A Worst-Case Scenario
Time is ticking – and so is the heart of a senior U.S. Diplomat whose life is being threatened for a hefty ransom. The diplomat isn’t in the custody of the criminals making the demands, rather she has been virtually taken hostage by cyber criminals who have hacked her pacemaker. Her Diplomatic Security detail is now feverishly working with the FBI to determine how to best to handle this new threat to her life.
This outlandish scenario sounds like something out of an episode of The Blacklist, but cybersecurity professionals and medical device manufacturers are becoming increasingly concerned about medical device security. Just this August at the Black Hat and DEF CON security conferences in Las Vegas, researchers once again exposed the insecurity of medical devices by demonstrating how pacemakers and insulin pumps can be hacked to harm, and in dire instances, kill their host.
With medical devices becoming increasingly connected to the Internet, hospital networks, and other technology to improve healthcare, the risk that these devices can be vulnerable to security breaches is also increasing. As such, medical device manufacturers can expect a more stringent regulatory environment when it comes to securing their respective products.
New Threats New Resources
In a recent push for enhanced cybersecurity for medical devices, the U.S. Food and Drug Administration (FDA) issued a series of non-binding recommendations to help ensure that device manufacturers are adequately addressing evolving cybersecurity threats. The FDA’s Content of Premarket Submissions for Management of Cybersecurity in Medical Devices draft guidance includes aspects of cybersecurity conventions to include: general principles and risk assessment, how to design a trustworthy device using the NIST Cybersecurity Framework, labeling recommendations for devices with cybersecurity risks, cybersecurity documentation procedures, and how to implement existing cybersecurity standards for devices.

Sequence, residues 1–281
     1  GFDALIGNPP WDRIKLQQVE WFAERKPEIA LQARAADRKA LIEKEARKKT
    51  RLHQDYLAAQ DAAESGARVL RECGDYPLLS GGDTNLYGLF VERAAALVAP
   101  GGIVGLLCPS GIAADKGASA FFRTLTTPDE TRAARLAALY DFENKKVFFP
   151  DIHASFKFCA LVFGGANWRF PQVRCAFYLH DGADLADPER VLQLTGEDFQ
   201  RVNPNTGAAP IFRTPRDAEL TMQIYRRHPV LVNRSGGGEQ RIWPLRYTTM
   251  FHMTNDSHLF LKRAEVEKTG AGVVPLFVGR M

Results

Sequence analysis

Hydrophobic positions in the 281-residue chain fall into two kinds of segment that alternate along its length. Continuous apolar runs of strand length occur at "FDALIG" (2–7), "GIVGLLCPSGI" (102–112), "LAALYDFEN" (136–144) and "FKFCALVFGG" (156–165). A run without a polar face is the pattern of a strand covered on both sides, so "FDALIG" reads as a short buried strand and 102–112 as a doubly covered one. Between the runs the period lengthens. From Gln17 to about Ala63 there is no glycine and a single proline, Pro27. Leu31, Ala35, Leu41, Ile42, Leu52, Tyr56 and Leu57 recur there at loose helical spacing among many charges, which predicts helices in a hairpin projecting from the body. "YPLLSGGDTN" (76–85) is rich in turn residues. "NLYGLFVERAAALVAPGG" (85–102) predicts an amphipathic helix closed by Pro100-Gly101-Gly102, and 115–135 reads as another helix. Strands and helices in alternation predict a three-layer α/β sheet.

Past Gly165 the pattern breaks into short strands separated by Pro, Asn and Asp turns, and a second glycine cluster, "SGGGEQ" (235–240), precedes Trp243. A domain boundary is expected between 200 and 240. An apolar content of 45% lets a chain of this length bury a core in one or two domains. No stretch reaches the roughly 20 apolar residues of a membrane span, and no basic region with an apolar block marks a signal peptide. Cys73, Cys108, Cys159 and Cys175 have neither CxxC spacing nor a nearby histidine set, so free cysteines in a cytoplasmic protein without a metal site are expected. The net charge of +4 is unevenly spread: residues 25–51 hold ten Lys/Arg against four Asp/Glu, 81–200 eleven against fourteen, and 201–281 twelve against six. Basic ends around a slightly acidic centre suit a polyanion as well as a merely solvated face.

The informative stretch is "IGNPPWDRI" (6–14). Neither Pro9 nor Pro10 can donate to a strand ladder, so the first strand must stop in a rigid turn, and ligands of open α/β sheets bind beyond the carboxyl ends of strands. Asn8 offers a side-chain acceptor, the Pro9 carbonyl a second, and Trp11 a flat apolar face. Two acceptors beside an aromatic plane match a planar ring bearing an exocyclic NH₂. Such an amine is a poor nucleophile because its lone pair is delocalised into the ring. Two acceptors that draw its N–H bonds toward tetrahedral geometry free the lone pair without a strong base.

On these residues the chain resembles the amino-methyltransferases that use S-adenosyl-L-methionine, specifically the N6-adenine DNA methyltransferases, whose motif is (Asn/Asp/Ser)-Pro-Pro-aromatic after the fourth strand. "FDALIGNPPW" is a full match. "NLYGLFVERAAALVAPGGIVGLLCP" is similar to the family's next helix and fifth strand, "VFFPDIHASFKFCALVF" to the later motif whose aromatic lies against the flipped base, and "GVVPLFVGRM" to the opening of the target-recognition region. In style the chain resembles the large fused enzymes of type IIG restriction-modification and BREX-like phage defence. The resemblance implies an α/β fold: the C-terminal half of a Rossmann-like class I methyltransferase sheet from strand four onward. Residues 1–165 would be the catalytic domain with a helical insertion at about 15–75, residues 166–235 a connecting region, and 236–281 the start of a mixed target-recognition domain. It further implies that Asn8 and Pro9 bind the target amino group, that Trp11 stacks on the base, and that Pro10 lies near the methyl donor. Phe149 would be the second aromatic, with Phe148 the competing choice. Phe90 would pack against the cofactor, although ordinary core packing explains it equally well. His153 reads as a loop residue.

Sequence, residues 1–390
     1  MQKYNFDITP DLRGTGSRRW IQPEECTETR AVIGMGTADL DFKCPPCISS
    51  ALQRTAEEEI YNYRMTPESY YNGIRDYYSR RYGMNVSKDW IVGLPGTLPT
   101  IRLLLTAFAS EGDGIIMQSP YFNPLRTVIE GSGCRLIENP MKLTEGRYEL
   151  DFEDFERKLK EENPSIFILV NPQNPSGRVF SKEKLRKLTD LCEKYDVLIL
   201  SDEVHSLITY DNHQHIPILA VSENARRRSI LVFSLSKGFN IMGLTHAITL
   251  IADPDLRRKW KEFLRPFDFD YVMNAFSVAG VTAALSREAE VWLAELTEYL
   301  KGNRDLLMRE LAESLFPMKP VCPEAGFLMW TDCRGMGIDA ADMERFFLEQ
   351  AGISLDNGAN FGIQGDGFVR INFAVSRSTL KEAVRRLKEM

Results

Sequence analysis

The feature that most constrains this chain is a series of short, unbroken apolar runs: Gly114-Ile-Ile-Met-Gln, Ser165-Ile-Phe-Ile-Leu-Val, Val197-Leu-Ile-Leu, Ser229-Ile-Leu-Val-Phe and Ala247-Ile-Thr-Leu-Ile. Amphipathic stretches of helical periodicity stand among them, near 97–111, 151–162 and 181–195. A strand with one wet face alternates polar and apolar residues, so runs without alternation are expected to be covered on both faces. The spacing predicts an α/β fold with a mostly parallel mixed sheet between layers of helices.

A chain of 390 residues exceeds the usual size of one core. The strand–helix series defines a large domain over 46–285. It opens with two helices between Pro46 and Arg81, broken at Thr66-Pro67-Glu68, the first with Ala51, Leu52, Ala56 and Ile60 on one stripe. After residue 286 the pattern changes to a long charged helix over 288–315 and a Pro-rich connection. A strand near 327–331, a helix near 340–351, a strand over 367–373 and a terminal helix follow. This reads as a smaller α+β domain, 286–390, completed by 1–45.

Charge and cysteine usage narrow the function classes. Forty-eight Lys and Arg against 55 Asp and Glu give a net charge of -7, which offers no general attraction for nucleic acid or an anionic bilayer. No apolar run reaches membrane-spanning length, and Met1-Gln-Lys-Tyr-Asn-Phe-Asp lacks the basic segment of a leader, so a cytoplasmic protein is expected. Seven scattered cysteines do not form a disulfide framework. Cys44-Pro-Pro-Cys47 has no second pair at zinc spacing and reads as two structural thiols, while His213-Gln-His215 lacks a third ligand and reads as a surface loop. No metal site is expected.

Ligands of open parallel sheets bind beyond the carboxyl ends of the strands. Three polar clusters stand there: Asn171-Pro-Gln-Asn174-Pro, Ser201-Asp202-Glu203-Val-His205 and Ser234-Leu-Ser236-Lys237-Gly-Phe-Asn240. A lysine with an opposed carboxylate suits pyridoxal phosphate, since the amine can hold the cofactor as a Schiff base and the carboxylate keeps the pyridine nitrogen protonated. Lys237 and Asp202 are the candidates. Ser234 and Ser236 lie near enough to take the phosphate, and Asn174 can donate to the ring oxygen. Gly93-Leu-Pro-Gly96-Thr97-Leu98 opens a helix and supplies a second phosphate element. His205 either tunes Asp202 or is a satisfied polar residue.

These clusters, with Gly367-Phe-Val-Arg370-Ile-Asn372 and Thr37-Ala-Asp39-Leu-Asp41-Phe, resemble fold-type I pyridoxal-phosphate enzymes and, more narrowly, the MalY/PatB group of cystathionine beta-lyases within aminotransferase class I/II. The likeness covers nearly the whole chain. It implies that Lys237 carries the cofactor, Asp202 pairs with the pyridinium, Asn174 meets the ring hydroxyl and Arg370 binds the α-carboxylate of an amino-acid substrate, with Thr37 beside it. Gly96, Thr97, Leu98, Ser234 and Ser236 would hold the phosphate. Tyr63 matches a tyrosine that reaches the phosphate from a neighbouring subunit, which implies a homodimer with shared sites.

Despite this initiative, the FDA is not the only federal agency responsible for the cybersecurity of medical devices. The FDA works alongside numerous federal government agencies including the U.S. Department of Homeland Security (DHS), private sector industries, medical device manufacturers, health care delivery organizations, security researchers, and even end users to increase the security of the U.S. critical cyber infrastructure.
Cybersecurity for medical devices isn’t optional – manufacturers have to adhere to federal regulations. A large component of those regulations includes the quality system regulations or QSRs. The QSRs require that medical device manufacturers address all risk with a particular emphasis placed on cyber risk. Additionally, the draft guidance incorporates a “cybersecurity bill of materials,” which lists commercial and off-the-shelf software and hardware elements of a device that could be susceptible to vulnerabilities.
On that note, the FDA and DHS have entered into a memorandum of agreement to increase their collaboration on medical device security. While the two agencies have worked together on vulnerability disclosures, the memorandum will improve coordination between the agencies.
Healthcare providers rely on various technologies and medical devices to care for patients and implicitly trust that technology will do just that. However, many concerns are on the horizon regarding the safety of these devices. Cybersecurity in healthcare is moving beyond mere compliance and regulatory issues toward patient safety concerns. Healthcare providers and medical device manufacturers should develop efforts to ensure they have up to date information on the newest vulnerabilities, threats, risks, and best practices to secure their devices and, most importantly, keep patients safe.
For executives in medical device manufacturing and patient-focused healthcare, these trends are adding a whole new level of responsibility when it comes to managing risk. As such, it’s important to stay apprised of the many cyber risks your organization can face. Take a look at N2K’s Resolve executive training programs to keep your executives, boards, and C-suite apprised of how they can best address your organization’s cyber risk.